Raheem Morris says everyone should blame him for Sunday's debacle. That seems like a good place to start.
The head coach doesn't block, tackle, run routes or throw passes, but when the whole team melts down, you start looking at the guy wearing headsets. Those who invested the afternoon at Raymond James Stadium can testify the Tampa Bay Buccaneers were listless, futile, and appeared to have only a trace amount of interest in playing this football game.
The 37-9 loss to Houston was so hideous it brought back memories of the time original head coach John McKay told his defeated team, "Those who need showers, take them."
It was so bad, cornerback Ronde Barber came into a near-empty locker room after a lengthy post-game meeting with Morris and decided to hold his tongue, at least for the moment. You have to understand, Barber is the sage voice of reason on this team. He can always be counted on for insight.
But this time, Barber said he will wait until today to have his say. As he angrily grabbed for his jacket, sending a couple of hangers flying, he stared into his locker and said to no one in particular, "I've never been so despondent after a loss."
Barber has had his coach's back since Morris took over 2½ seasons ago, so I won't put words in his mouth this time. I can only say what I saw. I have never seen a team so seemingly ill-prepared to play.
The game plan on both sides of the ball was ripped straight from Rick Perry's debate playbook, right down to three more interceptions by Josh Freeman to go with four sacks.
The one thing we've consistently heard is the Bucs play hard for Morris, but it sure didn't look like it. I'd suggest Morris faces the biggest crisis of his career. There is some nobility in his willingness to look for swords to fall upon, but the fact they are needed speaks volumes.
"The funny thing is, he told us to tell you guys to lay it on him," center Jeff Faine said. "I'm not buying that. That's the easy way out for the players to do that, and it's not (right). Players make the plays; coaches call the plays. We have to execute those plays."
This is a lot worse than anything Morris went through in a 3-13 first season because the Bucs were rebuilding and there were no expectations. It's a lot different now. The Bucs expected to qualify for the playoffs, but they're 4-5 and going to Green Bay next week. A loss there would be the fourth in a row.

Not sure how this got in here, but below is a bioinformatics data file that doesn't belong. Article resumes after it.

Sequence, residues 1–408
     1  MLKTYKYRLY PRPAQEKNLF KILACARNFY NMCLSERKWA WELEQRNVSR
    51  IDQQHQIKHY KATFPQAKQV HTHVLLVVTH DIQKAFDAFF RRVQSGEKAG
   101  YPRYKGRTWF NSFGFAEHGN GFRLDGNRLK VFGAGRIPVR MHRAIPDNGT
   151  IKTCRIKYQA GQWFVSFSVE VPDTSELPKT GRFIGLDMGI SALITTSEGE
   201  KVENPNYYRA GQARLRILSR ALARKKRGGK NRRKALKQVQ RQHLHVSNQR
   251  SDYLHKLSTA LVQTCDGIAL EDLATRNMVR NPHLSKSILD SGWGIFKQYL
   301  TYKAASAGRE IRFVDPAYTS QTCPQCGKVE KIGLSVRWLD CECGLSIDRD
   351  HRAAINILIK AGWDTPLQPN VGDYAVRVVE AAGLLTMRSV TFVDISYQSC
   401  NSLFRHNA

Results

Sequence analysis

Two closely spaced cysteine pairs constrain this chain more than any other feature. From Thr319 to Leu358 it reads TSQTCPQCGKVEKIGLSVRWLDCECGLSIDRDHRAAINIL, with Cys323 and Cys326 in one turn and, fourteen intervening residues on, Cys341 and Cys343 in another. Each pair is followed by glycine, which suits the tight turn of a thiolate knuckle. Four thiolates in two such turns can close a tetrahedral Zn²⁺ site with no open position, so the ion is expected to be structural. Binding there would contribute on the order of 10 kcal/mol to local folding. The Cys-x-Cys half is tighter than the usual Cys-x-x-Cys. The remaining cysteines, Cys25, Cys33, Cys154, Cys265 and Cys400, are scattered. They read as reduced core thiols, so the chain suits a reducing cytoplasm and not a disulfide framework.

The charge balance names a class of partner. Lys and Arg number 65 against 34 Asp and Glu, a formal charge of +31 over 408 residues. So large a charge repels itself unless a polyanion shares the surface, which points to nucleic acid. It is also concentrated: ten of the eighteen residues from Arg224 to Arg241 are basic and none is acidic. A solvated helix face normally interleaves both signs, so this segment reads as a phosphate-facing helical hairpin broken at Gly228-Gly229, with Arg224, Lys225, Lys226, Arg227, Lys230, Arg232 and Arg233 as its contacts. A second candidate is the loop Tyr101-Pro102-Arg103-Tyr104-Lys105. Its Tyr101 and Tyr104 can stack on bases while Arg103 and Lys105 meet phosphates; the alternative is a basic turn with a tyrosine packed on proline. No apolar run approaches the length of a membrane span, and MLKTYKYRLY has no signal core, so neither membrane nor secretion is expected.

This type of spiral can lead to regime change. Sunday's announced crowd was 56,037, but I can tell you with relative certainty the actual attendance was a lot less. By the third quarter it looked like the kind of crowd you'd see for a bad high school game. Those who did remain occasionally summoned enough interest to boo what they were seeing.
The head coach says to blame him.
"It was my fault – my fault, guys," Morris said.
If you're the Glazers and see a team cart-wheeling to the Earth in a fireball, crashing in front of an ocean of empty seats, in a market where the sports dollar is stretched thin, you may feel compelled to act.
They weren't shy about firing Tony Dungy when things went sour. They didn't hesitate to fire Jon Gruden. I'm just sayin' …
That's the type of door a game like this opened. If this doesn't get better, quickly, those fans who still care will demand a show of commitment from the owner.
Morris promised a get-tough policy for the coming week. His lads can expect to practice in full pads with heavy hitting. It shouldn't be a problem, since they shouldn't be tuckered out from this game.
"We missed a lot of tackles," said newcomer Albert Haynesworth, who, all things considered, seemed to play pretty well. "We shouldn't be missing tackles. So that's fair, it's definitely fair."
He needs to do something. Morris is a bright, likeable man – perhaps too well liked. It's one thing to protect the players by asking for all the blame, but that's not the total answer.
A little fear can be a good thing. His players may need to learn that because a game like this screams for change.
One way or another, change is coming.